Ask five different people on the street what “cybersecurity” means to them, and you will likely get five different answers. In a general, you might get answers about setting up a technology infrastructure with protection against hackers or leveraging AI to protect a computer from malware.
The old saying goes, “The road to Hell is paved with good intentions”. We’re not sure who originally came up with that statement, but if it came out that an IT manager was the source, it would not surprise us.
It’s well understood that business owners certainly do not design their IT infrastructure with the intention of creating situations that result in data breaches and send out compromised data to the dark web – but it happens more often than we'd care to admit.
Have you had trouble finding the time to catch up on the latest tech news? We've done the work for you.
In this article, you'll find some of the biggest tech headlines from July and August. Over the past two months, the biggest events in tech have all come from the security front.
Does your business host its website and other digital services with in-house servers? Do you use a DDoS mitigation appliance to detect malicious traffic and activate a cloud-based failover solution in the event of a DDoS attack?
If you answered "yes" to both questions, hackers have invented a new type of DDoS attack that could really ruin your day.
In 2016, boot maker Lucchese fired its IT administrator. An hour later, the company's servers stopped working. The former IT administrator had used a hidden account -- meant to look like a network printer -- to access the network remotely and delete system files from the servers.
According to a 2016 Munich Re poll, up to 90 percent of United States businesses fall victim to hackers each year. Businesses don't suffer security breaches because they aren't trying to protect themselves; they simply lack the expertise necessary to protect an organization from modern hacking techniques.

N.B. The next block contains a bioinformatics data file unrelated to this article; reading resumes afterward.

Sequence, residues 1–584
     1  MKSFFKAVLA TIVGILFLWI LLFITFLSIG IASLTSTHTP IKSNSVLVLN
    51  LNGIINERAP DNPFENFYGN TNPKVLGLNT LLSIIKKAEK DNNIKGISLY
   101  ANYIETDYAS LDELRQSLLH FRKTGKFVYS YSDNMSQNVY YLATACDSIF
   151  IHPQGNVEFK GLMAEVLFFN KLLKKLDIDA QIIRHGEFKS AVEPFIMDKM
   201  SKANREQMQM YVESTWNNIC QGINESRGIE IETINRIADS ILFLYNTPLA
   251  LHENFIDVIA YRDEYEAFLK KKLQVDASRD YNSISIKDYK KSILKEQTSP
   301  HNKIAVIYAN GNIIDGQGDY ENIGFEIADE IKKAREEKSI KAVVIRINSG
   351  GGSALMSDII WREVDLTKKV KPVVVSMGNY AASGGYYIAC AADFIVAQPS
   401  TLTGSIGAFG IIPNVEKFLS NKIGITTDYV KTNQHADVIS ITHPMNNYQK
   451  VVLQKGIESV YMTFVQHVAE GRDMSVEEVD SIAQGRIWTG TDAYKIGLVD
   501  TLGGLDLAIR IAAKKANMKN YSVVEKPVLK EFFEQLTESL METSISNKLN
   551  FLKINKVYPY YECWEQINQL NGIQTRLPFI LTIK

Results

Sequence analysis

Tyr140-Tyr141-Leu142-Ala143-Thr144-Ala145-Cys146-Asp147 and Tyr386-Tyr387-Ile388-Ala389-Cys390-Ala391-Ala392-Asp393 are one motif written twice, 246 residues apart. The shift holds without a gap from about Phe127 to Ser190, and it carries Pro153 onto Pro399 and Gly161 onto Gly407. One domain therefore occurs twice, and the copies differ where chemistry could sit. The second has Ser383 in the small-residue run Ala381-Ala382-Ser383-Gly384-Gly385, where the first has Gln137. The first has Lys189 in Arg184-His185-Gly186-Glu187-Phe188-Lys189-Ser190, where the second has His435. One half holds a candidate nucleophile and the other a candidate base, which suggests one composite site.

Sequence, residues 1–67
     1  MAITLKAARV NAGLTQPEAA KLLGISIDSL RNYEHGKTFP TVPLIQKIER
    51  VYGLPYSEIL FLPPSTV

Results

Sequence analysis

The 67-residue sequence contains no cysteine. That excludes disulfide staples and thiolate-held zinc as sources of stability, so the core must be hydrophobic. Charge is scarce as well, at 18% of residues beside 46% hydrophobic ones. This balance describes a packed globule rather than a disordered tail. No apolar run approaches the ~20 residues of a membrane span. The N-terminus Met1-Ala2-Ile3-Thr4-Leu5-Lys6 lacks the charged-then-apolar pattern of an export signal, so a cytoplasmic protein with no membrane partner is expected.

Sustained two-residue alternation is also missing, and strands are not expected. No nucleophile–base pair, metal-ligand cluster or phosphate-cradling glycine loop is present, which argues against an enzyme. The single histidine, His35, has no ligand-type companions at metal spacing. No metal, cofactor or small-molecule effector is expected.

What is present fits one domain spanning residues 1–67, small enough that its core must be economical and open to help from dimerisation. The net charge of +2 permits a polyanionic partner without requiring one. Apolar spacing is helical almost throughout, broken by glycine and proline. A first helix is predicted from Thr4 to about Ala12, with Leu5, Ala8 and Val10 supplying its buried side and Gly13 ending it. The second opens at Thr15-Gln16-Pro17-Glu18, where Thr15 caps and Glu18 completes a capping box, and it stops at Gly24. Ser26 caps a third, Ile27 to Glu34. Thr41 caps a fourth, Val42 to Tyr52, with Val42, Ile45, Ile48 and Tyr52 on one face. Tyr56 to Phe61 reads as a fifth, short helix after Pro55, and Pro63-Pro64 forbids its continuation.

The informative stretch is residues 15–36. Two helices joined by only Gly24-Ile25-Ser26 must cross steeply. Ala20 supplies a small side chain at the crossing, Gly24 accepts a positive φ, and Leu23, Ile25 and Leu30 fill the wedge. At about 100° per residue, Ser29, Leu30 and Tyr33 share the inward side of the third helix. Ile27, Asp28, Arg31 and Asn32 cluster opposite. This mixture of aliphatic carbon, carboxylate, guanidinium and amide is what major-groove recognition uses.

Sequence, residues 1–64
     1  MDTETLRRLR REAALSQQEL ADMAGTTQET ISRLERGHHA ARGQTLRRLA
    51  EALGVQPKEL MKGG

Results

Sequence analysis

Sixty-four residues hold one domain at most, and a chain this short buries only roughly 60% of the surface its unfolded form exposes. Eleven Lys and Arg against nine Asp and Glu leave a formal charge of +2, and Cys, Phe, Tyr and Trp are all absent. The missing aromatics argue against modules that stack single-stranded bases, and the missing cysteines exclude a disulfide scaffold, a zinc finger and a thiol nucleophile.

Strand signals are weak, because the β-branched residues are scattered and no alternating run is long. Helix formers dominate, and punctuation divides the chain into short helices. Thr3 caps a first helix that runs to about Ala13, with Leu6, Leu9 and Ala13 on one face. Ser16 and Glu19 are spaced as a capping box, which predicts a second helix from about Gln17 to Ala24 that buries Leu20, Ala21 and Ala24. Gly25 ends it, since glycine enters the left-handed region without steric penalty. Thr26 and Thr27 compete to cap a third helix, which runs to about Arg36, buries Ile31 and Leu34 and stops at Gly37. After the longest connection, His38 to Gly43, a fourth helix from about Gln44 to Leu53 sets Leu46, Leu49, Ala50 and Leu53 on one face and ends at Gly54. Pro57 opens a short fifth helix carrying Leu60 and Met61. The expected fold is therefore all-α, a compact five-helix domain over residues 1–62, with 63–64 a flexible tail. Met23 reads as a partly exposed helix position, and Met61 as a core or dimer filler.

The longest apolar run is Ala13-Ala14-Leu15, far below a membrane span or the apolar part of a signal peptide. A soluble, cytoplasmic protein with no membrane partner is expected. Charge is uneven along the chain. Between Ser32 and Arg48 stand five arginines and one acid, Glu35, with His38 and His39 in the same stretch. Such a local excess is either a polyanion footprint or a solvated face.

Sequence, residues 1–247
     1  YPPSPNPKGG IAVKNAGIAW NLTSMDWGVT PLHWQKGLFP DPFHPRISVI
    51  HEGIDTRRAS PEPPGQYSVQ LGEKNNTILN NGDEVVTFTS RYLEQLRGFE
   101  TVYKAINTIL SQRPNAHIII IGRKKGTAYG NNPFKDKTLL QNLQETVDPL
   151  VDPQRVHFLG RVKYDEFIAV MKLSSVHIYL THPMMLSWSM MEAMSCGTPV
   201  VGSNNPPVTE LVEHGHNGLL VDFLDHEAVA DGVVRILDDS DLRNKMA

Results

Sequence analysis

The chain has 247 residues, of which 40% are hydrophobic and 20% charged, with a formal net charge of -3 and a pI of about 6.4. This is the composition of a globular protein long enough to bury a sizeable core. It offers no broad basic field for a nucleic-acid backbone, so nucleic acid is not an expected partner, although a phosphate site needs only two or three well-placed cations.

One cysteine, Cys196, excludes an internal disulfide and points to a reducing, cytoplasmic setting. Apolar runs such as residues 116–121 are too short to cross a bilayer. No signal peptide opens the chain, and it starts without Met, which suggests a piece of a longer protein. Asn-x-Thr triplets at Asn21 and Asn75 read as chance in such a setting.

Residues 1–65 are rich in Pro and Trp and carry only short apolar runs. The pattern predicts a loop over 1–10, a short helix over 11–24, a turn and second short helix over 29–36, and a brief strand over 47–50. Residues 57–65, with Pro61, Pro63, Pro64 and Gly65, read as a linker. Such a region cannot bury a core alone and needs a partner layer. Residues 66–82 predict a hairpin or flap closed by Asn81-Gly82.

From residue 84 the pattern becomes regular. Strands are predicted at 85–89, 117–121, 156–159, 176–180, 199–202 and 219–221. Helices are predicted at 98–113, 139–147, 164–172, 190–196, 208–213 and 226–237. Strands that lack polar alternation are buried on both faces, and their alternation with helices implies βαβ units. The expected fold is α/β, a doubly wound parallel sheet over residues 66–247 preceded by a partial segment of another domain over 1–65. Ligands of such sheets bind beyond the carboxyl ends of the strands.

It's impossible to read the tech news these days without seeing a report of a new ransomware attack. The recent spread of a new form of ransomware called WannaCry, though, has captured the public's imagination -- perhaps because of how rapidly it infected computers within the first few days of its release.
A security breach is a catastrophe that can damage a small business's reputation and potentially cause crippling financial ruin. On average, a data breach costs a company $4 million -- and when a data breach occurs, an employee is the most likely cause.
Modern web servers are extremely fast and highly resilient. They have the ability to deliver data anywhere in the world in the blink of an eye. What they don't have, though, is the ability to deliver data to an infinite number of users simultaneously. If enough users request data from the same server at the same time, the server will stop processing requests efficiently.
At a time in which corporate network administrators feel safer than ever -- what kind of security concerns should a company be focused on when most employee computers run their applications in the cloud? -- this month's edition of our "Tech Headlines Digest" underscore the reality that no computer security solution works 100 percent of the time, and how you can most efficiently prepare yourself and your internal IT systems.